Anti-erosive properties of solutions containing fluoride and different film-forming agents

Taís Scaramucci, Alessandra B. Borges, Frank Lippert, Domenick Zero, Idalina V. Aoki, Anderson Hara

Research output: Contribution to journalArticle

16 Citations (Scopus)

Abstract

Objectives To evaluate the anti-erosive potential of solutions containing sodium fluoride (NaF, 225 ppm F) and different film-forming agents. Methods In Phase 1, hydroxyapatite crystals were pre-treated with solutions containing NaF (F), linear sodium polyphosphate (LPP), sodium pyrophosphate tetrabasic (PP), sodium tripolyphosphate (STP), sodium caseinate (SC), bovine serum albumin (BSA), stannous chloride (Sn) and some combinations thereof. Deionized water was the control (C). The pH-stat method was used to evaluate hydroxyapatite dissolution. In Phase 2, the most effective solutions were tested in two independent experiments. Both consisted of an erosion-remineralization cycling model using enamel and dentine specimens with three solution treatments per day. In Phase 2a, the challenge was performed with 0.3% citric acid (pH = 3.8). In Phase 2b, 1% citric acid (pH = 2.4) was used. Hard tissue surface loss was determined profilometrically. Data were analyzed with two-way ANOVA and Tukey tests. Results In Phase 1, F, LPP, Sn and some of their combinations caused the greatest reduction in hydroxyapatite dissolution. In Phase 2a, C showed the highest enamel loss, followed by LPP. There were no differences between all other groups. In Phase 2b: (F + LPP + Sn) <(F + LPP) = (F + Sn) <(F) = (LPP + Sn) <(LPP) <(Sn) <C. For dentine, in both experiments, only the fluoride-containing groups showed lower surface loss than C, except for LPP + Sn in 2a. Conclusions F, Sn, LPP reduced enamel erosion, this effect was enhanced by their combination under highly erosive conditions. For dentine, the F-containing groups showed similar protective effect. Clinical significance The addition of LPP and/or Sn can improve the fluoride solution protection against erosion of enamel but not of dentine.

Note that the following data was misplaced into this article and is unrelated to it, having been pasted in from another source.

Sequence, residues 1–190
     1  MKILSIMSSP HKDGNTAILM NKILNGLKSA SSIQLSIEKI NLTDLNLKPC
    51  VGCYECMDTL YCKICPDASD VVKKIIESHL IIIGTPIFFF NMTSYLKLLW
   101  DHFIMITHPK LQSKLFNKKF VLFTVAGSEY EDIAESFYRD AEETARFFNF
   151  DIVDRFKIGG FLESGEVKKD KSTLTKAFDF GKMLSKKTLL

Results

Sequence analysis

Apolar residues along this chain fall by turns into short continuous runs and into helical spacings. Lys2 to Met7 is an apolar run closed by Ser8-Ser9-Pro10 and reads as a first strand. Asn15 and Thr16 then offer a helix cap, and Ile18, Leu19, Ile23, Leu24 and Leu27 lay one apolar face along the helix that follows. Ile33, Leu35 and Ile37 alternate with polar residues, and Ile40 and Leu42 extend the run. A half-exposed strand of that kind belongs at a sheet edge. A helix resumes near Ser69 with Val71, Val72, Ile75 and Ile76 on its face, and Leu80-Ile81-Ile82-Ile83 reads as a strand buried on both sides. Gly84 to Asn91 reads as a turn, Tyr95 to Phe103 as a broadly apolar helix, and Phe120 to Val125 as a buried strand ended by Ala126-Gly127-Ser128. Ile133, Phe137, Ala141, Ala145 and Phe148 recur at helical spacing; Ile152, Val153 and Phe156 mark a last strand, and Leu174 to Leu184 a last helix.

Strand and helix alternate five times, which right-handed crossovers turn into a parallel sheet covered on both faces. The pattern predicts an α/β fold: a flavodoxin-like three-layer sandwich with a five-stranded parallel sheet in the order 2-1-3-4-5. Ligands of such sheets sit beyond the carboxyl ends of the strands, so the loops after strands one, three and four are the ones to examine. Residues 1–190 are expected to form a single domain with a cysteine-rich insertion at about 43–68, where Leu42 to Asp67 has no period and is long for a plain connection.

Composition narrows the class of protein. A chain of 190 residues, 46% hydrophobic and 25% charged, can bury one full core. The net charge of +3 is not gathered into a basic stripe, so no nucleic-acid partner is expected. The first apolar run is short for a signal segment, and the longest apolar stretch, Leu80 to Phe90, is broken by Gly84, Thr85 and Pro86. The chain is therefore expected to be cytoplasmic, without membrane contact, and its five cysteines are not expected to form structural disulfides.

Original languageEnglish (US)
Pages (from-to)458-465
Number of pages8
JournalJournal of Dentistry
Volume43
Issue number4
DOIs
StatePublished - Apr 1 2015

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Polyphosphates
Fluorides
Sodium
Dentin
Dental Enamel
Durapatite
Citric Acid
Sodium Fluoride
Bovine Serum Albumin
Caseins
Analysis of Variance

Keywords

  • Dental erosion
  • Fluoride
  • Phosphate polymer
  • Protein
  • Stannous chloride

ASJC Scopus subject areas

  • Dentistry(all)

Cite this

Anti-erosive properties of solutions containing fluoride and different film-forming agents. / Scaramucci, Taís; Borges, Alessandra B.; Lippert, Frank; Zero, Domenick; Aoki, Idalina V.; Hara, Anderson.

In: Journal of Dentistry, Vol. 43, No. 4, 01.04.2015, p. 458-465.

Research output: Contribution to journalArticle